Spun: Kings of Convenience

For Kings of Convenience, it sure is hard to put out an album. Declaration of Dependence is the Norwegian indie-folk duo’s first full-length offering since 2004’s critically acclaimed Riot on an Empty Street.

The duo has split-up, reunited, been on hiatus and toured infrequently, but when they do find the time to make music together, Erlend Øye and Eirik Glambek make it well. Their Simon and Garfunkel-tinged minimalist style suits the melodramatic pair best on the track “Power of Not Knowing.” The album’s warm harmonies and plucky guitar puts listeners on a beach at sunset while the search for meaning who-am-I, who-are-you and-where-do-we-fit-in lyrics flow calmly and quietly.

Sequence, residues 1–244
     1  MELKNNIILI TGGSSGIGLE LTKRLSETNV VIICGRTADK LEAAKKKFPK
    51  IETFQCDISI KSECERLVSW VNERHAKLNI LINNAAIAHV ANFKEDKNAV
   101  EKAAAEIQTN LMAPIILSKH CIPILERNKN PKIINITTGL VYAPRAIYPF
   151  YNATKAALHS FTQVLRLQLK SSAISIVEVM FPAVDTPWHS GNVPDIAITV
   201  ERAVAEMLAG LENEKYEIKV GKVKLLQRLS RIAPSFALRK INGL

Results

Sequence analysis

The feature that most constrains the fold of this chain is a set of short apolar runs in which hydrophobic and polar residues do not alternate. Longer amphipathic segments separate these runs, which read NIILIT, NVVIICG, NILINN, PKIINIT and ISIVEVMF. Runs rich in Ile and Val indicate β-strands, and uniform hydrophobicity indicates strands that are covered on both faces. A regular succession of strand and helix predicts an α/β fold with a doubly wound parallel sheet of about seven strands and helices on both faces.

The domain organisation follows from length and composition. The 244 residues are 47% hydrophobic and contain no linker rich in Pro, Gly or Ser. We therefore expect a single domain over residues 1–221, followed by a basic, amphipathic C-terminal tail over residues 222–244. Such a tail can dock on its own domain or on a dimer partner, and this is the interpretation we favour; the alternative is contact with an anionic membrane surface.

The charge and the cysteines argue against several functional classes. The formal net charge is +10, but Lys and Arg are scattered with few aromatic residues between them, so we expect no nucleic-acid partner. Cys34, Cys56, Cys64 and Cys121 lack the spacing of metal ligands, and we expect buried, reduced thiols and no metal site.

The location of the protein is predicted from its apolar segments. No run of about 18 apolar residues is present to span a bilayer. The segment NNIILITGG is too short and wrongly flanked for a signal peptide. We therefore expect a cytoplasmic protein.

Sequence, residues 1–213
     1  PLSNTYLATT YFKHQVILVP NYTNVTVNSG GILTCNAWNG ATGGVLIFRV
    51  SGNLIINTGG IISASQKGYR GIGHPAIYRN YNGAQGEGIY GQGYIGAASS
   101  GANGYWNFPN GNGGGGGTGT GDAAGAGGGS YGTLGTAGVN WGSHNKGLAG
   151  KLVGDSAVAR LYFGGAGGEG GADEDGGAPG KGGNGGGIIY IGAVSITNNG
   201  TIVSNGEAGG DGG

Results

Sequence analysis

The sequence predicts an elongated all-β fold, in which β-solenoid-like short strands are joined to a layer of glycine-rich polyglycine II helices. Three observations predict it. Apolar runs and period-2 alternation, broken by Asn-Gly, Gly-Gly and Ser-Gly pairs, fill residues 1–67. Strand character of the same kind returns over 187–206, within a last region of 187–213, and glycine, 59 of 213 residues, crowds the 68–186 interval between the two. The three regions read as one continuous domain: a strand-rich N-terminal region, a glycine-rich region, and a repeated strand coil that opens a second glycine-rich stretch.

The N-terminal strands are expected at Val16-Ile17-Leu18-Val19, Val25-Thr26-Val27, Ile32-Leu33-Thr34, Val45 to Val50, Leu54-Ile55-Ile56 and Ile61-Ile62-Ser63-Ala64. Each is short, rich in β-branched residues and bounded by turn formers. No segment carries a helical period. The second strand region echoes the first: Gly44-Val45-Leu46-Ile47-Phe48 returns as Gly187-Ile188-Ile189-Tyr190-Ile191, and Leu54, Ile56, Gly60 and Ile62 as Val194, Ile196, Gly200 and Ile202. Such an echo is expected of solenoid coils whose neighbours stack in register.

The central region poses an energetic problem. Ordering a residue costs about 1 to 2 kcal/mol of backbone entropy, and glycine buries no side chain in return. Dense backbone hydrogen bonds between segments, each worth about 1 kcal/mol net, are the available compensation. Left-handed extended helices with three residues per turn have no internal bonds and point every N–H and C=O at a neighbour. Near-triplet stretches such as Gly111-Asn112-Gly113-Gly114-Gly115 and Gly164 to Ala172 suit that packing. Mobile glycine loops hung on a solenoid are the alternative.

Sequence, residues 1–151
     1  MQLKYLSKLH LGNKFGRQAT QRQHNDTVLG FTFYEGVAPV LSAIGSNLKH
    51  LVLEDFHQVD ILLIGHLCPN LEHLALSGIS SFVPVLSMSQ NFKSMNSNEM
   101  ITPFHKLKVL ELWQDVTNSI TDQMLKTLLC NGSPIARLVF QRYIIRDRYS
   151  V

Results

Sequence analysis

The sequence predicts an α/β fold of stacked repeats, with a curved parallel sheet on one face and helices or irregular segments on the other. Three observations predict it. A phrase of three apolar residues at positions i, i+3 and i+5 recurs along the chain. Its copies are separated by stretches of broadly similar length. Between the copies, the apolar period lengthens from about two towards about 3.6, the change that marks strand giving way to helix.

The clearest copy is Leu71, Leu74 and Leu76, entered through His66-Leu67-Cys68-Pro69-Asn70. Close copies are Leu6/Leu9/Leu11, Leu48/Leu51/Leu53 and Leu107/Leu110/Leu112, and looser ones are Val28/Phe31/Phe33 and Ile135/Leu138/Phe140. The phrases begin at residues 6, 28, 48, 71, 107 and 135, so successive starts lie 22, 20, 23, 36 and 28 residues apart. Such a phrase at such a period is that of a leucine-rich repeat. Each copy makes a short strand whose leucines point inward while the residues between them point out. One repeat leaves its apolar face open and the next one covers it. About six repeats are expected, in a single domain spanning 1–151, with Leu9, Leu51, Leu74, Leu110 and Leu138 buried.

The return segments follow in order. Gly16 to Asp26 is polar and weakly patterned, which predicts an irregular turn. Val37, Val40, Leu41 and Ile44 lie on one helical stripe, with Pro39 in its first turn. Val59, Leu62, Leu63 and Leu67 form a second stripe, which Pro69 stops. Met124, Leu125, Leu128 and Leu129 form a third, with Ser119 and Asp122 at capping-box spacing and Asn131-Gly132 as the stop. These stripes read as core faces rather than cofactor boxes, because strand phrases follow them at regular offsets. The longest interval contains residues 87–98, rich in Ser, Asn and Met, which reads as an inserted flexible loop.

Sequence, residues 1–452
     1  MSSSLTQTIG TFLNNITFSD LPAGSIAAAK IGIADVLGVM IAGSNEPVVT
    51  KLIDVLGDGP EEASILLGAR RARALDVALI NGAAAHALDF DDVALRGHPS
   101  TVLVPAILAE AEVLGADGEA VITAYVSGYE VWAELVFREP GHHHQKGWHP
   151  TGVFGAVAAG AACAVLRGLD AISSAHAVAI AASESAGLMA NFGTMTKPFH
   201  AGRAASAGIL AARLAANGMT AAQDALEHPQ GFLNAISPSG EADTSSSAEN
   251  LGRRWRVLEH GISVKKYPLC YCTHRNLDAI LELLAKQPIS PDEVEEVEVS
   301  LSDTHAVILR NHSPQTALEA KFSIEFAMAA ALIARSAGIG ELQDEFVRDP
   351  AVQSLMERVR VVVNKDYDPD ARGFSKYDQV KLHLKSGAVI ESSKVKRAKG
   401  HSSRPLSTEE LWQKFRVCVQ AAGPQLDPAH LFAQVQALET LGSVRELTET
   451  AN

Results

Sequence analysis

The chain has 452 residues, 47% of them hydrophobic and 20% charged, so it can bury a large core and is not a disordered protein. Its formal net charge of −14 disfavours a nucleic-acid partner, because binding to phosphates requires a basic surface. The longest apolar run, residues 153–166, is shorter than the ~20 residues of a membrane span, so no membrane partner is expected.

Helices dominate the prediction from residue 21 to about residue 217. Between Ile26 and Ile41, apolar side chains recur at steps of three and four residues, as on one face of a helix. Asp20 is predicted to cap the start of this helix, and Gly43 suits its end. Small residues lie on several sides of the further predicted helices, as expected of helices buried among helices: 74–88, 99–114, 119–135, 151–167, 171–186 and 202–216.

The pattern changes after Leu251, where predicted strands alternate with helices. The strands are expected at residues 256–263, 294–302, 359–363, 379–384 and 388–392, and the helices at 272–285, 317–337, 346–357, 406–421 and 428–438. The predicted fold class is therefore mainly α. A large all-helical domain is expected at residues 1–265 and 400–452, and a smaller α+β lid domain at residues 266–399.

Missing from Declaration is a catchy hit, but the duo seems more content on answering their core cult following with soul-searching substance than the fringe listeners who got on board after hearing the radio friendly “I’d Rather Dance With You” from Riot.

While the Kings have delivered with an emotionally raw effort like they haven’t skipped a beat in five years, there is the question of how much emotion their fans are willing to invest in them. Unreliably brilliant, the King’s are that boy or girl easily hated because they are never around when needed, but when they are, it’s hard to remember why people were making such a fuss about them.

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